CHAIR’S 3 MINUTES
Published in the Maui News, August 6, 2017
By: Stacy Crivello
In late June, county and state departments, local nonprofits, developers and many other community stakeholders gathered for the 2017 Maui County Affordable Housing Summit. It was an important meeting of the minds, but it also underscored the importance of moving forward with creating additional housing inventory.
Approximately 13,496 new units are needed throughout Maui County within the next 10 years to keep up with demand. Basic economics dictates that when demand is high and supply is low, prices will continually rise until supply meets demand. The problem is that in Maui County, housing prices have increased to a point where local families are simply priced out of the market.
This truly is a challenge, but the County Council’s Housing, Human Services and Transportation Committee is committed to exploring creative solutions both through policy initiatives and funding mechanisms.
Monitoring the Residential Workforce Housing Policy is one of those initiatives, which continues to be a mechanism to increase affordable housing. Passed in 2006, it mandated all new developments be 50 percent affordable as defined by the county code. In theory, the idea was well-intentioned, but the reality was that it stifled new development. Only three new units were sold based on the original guidelines. As a result, in 2014 my committee reduced the affordable component to 25 percent and the outcome has been promising.
According to the county Department of Housing and Human Concerns, the following projects are underway: Kaiaulu in West Maui with 33 affordable single-family units; Kamalani in South Maui with 170 total affordable units; Mokuhau in Central Maui with 16 single-family affordable units; and Pauwela Homes in Haiku with 33 single-family affordable units.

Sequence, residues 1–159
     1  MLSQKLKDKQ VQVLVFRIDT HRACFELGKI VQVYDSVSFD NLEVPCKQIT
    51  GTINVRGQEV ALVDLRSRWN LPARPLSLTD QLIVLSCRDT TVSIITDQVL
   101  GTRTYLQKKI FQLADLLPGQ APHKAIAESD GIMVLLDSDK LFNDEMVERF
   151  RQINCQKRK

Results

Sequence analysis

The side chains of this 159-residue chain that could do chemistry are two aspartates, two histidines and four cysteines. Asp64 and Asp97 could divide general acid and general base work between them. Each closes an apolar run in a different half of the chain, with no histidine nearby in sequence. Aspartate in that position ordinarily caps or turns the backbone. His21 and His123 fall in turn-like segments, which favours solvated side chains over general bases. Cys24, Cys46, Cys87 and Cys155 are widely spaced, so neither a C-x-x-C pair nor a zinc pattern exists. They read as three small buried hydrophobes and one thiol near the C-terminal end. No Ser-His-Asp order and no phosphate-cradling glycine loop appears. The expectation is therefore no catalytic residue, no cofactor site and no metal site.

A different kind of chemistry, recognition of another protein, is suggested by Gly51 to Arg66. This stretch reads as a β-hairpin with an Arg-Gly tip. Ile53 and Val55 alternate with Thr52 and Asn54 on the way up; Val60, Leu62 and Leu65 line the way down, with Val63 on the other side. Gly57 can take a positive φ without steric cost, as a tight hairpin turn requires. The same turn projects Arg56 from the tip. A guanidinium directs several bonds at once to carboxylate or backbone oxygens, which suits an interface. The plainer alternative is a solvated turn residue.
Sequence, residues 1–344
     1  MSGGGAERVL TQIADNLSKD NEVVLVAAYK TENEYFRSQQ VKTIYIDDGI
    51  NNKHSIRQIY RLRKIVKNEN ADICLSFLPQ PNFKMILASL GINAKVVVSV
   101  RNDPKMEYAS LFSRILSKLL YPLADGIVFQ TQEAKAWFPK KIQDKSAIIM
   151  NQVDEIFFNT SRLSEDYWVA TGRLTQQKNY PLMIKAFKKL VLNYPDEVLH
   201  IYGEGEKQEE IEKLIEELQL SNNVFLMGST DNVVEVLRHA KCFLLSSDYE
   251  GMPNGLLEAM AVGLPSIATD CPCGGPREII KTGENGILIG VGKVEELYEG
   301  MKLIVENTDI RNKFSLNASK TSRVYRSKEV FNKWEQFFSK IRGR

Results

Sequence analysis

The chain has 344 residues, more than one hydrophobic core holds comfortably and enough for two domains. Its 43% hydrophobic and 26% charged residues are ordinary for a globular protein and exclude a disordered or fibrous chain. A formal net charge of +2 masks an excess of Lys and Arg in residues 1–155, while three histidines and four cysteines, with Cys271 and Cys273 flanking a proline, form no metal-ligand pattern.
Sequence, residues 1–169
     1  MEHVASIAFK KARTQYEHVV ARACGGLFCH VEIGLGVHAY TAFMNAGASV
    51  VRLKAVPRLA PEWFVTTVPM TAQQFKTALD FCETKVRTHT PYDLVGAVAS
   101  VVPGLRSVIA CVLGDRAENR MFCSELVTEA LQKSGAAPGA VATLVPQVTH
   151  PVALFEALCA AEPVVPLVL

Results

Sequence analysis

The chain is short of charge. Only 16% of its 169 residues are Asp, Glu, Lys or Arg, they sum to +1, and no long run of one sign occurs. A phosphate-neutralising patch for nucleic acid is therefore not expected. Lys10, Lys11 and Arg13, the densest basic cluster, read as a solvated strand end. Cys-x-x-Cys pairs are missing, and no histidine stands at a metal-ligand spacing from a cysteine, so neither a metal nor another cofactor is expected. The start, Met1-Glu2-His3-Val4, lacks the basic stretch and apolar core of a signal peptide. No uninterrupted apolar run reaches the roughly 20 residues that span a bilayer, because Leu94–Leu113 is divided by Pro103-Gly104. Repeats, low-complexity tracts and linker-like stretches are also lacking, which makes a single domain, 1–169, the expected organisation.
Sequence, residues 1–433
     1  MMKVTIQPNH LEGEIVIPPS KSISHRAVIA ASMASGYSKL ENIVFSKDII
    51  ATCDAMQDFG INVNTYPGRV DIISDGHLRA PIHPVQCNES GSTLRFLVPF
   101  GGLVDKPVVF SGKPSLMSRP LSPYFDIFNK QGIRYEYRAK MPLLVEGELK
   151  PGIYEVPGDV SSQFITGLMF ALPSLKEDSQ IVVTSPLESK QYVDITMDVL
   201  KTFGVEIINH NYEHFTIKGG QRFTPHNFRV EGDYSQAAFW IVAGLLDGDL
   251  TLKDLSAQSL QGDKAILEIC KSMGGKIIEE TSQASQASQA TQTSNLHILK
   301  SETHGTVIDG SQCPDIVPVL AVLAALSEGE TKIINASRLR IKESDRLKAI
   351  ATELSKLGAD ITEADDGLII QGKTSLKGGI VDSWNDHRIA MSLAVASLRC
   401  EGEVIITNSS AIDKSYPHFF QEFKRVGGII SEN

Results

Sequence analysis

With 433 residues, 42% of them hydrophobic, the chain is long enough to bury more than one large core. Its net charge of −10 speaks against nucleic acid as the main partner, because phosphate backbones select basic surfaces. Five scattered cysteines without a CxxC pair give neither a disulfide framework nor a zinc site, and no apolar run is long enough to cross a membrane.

In total, including the county’s Kulamalu affordable rental project and seven other projects with affordable components, the 2014 amendment will have pushed forward the construction of 308 out of the 414 total affordable units anticipated to be completed by the end of 2018.
It is a start, but further tweaking is likely necessary to help deliver additional affordable homes.
Concurrently, an ongoing discussion is taking place on the future of 58 county-owned lots in the Maui Lani Fairways and Sandhills Estate subdivision. The land has the potential to add additional affordable housing units. Acquired through a legal settlement in 2011, Mayor Alan Arakawa convened a task force in late 2016 to make preliminary recommendations on utilizing the lots.
The conclusion was to sell 51 of the Fairway lots and deposit the proceeds into the Affordable Housing Fund for a future affordable project. My committee and the council must ultimately agree with the recommendation or propose a different course of action.
In my view, public funds must be expended in the most prudent manner. Housing inventory will be an issue for the foreseeable future. Therefore, any county initiative must focus on creating the maximum number of units at the lowest cost. This would mean pursuing the creation of multifamily complexes rather than single-family homes at this time.
However, this is just one of many plans and discussions that must occur. A $250,000 appropriation is included in this year’s budget for the council to conduct a full analysis of what additional elements are needed to push affordable housing forward.
My committee has been tasked with identifying the resources needed to create such a plan, and I am confident it will go a long way in solidifying a course of action.
I remain committed to making housing a top priority. Many hands and creative minds will all need to chip away at this crisis. We can’t give up and must keep moving forward for the sake of our local families.